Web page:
Knowing a Bit of Personal Information About Neighborhood Police Reduces Crime by 5-7%

Knowing a Bit of Personal Information About Neighborhood Police Reduces Crime by 5-7%

Researchers have published in Nature journal about how knowing a bit of personal info about neighborhood police reduces crime by 5-7%.

Social & Lifestyle

Simple social cooperation psychology can be as effective as the harshest policing strategies in reducing crime, a new study has found.

Disadvantaged communities in New York City were given the name of a neighborhood police officer, their contact info, and some simple information like favorite food or sports team, and found that over the three-month field test the crime rate reduced 5-7% in and around the community.

The secret to this major result is its exploitation of the simple fact of our species being a social one. If we know something about a stranger, we inherently feel, albeit erroneously, they know something about us in return, even if they don’t know we exist.

Click to continue reading

69 eligible New York City Housing Authority community developments were split into control and treatment groups. The treatment groups were mailed flyers containing the information of a Neighborhood Coordination Officer (NCO), a key member of the NYCPD that acts as a bridge between law enforcement and residents. The NCOs answered what they felt comfortable answering, and included a contact number. 30 developments didn’t receive any flyers, even though the NCOs were present.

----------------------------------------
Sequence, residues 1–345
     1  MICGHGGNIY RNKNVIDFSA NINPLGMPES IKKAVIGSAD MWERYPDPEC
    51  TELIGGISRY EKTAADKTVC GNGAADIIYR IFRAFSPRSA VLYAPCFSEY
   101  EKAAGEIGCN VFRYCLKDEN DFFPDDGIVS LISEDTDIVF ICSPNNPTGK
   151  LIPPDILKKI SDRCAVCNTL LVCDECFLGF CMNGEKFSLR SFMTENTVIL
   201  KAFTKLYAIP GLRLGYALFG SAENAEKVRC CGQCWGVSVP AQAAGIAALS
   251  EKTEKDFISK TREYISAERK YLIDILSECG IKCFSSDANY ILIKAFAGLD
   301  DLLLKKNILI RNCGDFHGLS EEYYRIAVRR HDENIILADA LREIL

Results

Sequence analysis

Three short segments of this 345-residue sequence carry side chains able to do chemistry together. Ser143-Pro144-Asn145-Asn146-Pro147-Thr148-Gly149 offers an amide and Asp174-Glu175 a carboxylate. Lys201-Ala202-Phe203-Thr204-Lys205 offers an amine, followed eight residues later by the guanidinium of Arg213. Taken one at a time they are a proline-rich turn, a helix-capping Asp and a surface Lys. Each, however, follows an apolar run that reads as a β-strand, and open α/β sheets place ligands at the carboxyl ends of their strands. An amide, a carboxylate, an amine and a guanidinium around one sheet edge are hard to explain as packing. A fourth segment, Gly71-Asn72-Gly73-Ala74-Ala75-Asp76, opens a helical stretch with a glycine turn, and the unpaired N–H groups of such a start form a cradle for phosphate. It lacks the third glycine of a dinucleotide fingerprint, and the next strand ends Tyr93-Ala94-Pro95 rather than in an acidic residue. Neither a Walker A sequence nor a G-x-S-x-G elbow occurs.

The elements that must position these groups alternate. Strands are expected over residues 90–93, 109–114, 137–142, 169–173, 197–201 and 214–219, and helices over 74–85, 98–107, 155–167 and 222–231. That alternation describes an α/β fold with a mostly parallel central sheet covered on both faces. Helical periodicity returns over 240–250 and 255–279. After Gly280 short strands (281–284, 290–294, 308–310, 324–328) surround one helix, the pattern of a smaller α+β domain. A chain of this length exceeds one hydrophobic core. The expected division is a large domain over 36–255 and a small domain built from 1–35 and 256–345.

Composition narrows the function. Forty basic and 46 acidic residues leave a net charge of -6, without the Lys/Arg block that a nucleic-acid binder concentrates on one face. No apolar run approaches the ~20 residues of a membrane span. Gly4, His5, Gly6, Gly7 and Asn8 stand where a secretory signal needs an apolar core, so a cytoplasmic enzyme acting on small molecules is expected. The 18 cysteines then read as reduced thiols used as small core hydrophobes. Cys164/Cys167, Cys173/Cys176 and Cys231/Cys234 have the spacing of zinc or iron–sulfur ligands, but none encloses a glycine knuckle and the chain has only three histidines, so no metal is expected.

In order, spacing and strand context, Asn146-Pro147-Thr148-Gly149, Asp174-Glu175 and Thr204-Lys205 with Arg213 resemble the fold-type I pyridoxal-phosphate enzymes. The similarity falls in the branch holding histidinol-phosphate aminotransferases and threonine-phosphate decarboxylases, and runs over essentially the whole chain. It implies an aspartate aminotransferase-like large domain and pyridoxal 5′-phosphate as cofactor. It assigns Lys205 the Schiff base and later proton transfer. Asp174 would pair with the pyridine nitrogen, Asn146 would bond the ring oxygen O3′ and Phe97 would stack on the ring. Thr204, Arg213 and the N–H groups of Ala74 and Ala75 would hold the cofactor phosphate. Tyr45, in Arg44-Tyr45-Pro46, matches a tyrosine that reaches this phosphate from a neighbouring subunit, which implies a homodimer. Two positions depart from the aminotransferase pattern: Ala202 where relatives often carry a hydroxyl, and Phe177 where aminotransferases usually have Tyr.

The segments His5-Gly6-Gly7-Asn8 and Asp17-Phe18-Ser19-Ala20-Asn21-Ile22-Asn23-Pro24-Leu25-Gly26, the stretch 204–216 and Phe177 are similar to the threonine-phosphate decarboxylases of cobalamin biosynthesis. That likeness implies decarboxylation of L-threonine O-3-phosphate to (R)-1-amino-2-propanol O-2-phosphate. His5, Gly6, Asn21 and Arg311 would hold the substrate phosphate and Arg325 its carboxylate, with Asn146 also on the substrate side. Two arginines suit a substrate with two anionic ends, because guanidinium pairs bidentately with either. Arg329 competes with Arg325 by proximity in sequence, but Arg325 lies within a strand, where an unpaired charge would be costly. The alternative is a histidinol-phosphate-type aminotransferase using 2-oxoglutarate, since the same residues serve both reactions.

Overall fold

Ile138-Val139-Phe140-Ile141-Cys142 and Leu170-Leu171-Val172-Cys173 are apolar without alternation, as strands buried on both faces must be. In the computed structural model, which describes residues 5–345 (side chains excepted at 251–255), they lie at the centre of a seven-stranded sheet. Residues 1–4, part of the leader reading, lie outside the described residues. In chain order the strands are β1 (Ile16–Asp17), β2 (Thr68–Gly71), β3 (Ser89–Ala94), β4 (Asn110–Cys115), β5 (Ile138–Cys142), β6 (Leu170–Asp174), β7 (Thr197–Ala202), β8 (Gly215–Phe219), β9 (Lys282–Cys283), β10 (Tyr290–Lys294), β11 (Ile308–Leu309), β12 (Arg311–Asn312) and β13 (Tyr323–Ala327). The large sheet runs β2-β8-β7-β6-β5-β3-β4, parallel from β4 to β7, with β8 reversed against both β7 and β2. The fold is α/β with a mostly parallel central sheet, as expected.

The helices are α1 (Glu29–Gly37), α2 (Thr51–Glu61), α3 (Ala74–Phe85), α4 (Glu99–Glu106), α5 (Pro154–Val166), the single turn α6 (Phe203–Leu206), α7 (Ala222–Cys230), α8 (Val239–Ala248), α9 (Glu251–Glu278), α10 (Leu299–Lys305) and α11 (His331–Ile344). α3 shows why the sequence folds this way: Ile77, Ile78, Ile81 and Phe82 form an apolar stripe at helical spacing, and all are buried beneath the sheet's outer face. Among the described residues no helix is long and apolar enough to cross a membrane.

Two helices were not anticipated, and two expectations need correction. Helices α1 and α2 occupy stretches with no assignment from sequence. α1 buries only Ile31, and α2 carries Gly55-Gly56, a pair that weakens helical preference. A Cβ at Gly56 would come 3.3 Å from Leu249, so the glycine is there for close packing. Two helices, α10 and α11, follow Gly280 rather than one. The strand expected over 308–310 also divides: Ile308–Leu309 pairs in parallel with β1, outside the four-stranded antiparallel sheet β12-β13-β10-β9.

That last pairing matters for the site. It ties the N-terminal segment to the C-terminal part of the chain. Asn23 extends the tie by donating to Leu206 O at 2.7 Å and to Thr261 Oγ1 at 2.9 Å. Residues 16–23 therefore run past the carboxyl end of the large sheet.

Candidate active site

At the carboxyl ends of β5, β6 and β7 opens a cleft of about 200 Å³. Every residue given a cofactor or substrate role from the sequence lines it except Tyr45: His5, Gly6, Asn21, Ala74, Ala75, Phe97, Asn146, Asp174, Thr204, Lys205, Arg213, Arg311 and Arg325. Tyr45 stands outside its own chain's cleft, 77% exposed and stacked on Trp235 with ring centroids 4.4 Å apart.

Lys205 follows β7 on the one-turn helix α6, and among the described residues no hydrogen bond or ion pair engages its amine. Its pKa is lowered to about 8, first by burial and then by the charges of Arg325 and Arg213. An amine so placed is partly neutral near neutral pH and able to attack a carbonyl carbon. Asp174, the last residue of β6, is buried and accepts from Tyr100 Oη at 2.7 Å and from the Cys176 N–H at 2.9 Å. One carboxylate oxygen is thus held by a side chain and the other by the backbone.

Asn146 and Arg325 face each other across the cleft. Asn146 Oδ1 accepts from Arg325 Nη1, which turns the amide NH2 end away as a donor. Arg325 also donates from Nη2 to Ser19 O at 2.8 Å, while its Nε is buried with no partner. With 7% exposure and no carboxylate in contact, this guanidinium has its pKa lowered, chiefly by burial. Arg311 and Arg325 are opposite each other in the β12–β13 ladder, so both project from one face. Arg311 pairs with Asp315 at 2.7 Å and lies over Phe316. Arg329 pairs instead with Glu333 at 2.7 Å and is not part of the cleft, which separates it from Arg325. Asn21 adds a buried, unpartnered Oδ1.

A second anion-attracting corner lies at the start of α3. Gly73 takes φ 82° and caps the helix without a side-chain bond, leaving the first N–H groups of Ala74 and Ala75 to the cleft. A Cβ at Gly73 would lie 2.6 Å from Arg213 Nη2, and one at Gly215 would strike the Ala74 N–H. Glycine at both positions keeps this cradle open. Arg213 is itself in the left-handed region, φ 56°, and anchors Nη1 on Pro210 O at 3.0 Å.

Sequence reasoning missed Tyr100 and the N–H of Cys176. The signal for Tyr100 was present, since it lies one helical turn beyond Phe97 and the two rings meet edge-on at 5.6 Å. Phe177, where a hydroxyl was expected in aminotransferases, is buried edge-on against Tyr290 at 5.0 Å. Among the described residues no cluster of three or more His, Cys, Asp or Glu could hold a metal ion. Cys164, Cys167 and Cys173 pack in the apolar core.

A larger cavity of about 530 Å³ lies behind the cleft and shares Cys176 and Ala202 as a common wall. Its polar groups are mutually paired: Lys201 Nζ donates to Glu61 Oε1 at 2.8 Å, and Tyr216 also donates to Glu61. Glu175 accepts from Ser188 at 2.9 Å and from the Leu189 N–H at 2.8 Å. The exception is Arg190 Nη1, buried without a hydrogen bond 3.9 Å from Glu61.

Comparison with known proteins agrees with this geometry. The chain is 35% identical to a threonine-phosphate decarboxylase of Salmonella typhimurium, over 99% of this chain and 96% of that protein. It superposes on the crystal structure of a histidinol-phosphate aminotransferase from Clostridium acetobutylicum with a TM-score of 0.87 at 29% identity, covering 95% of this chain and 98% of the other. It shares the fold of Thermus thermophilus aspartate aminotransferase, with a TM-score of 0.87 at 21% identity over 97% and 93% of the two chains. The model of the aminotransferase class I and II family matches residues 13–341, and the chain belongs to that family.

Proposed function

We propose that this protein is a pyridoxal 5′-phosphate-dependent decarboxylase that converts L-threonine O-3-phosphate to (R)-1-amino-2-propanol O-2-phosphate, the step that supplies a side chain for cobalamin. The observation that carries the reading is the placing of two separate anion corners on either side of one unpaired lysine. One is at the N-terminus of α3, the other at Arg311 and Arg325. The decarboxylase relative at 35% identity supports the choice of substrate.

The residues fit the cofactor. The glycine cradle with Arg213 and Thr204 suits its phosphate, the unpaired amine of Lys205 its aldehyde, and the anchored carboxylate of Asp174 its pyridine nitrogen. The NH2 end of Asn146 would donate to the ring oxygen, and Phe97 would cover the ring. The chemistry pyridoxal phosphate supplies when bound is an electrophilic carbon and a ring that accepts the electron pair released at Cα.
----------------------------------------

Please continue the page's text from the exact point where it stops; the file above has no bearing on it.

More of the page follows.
The developments contained 1.5% of the city’s population, but accounted for 3.5% of its total criminal activity, and the authors hypothesized that because humans display this information symmetry, they would feel that because they knew a little about their NCOs, residents capable of engaging in criminal acts would feel more likely to be caught doing so, imagining falsely that the NCO knew something about them.

Indeed, crime was reduced 5-7% in the treatment area, but not in the control area, during a two-month follow up. This reduction fell away eventually, which the authors attribute to the limited scope and light touch of the intervention, and that more sustained contact would result in more sustained reductions in crime.

Putting these results in context, the authors write, a recent meta-analysis of “hotspot” or “proactive” policing policies, show that these heavier-handed strategies have about the same reduction in crime as the information symmetry tactic with the NCOs.

Furthermore, they also tended to diminish in effectiveness rather rapidly, despite being vastly more expensive.

They add that door-to-door visits by police officers have a greater effect on crime reduction than other components of neighborhood policing like a neighborhood watch, for example.

“The possibilities of such findings are potentially exciting, because the work implies that a police officer who is perceived as a real person can prevent crime without tactics such as the New York City police department’s ‘stop, question and frisk,’ policy, which tended to create animosity between community members and the police,” said Elicia John & Shawn D. Bushway at the RAND Corp, commenting on the findings in Nature.